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Eliot's use of water is not ambiguous, but arbitrary. Water is first a death-bringer for the drowned Phoenician sailor, then its lack is death-bringing, dessicating the living. Both water and its absence accomplish the same end, so water at times is its own opposite. But water is presented in a duality with rock, which acts as its opposite: "Here is rock but no water." Then water dripping is life-bringing, and then thunder and the storm, which bring shantih, peace.
Perhaps some intricate and convoluted rationale could attribute intratextual consistency to Eliot's use of water, but I'm guessing it would be a stretch. All of the other scenes and images and characters are consistent as to what they offer the narrator, however impossible it is to precisely define what that is. Even Sosostris, about whom I maintain the narrator has mixed feelings, is stable in herself; representing the commercialization and vulgarization of the supernatural. Both vulgarity and the prophetic gift are present in her as human qualities; Sosostris does not cancel herself out as the use of water does.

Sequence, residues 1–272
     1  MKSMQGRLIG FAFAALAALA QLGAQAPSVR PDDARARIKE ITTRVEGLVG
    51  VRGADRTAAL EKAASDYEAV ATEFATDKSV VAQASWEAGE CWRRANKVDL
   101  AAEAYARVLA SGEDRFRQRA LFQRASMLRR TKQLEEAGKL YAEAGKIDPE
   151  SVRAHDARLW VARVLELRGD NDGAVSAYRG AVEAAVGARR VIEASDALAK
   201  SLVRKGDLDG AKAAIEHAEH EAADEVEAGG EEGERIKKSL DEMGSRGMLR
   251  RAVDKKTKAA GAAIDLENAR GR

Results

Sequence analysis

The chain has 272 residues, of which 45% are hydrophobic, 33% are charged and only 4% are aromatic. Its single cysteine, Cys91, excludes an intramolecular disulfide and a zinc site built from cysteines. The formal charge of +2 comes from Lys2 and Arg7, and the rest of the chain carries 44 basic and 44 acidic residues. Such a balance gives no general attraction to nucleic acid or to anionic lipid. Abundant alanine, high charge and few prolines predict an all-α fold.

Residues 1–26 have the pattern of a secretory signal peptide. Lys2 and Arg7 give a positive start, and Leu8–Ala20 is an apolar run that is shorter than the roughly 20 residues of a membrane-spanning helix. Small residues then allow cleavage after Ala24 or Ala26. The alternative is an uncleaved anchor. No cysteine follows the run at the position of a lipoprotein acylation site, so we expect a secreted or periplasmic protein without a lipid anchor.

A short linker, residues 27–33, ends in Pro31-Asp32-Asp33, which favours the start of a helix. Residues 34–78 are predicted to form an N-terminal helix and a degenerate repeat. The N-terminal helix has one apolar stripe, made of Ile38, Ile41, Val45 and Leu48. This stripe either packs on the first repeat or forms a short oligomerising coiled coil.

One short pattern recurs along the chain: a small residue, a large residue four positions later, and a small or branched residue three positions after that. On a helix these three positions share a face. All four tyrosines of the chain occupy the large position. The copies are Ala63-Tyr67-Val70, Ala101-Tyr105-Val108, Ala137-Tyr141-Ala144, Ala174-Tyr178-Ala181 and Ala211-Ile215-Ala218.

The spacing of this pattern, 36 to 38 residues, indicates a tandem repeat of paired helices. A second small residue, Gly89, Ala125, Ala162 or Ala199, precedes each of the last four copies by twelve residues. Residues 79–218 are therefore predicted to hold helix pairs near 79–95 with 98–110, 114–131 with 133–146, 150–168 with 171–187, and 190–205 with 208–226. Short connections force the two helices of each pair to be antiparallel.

My message to you (August 1) seems to have gotten lost.
Diana Manister wrote:[log in to unmask]">What in the poem points you towards summing up water's meaning? I think rather in terms of effects and of changes in those.
Marcia, the poem's ambiguities contribute to its appeal, but even the best poems have weak spots, and Eliot's use of water in TWL seems weak, being so contradictory and confused that the sum of its meaning is zero. Diana
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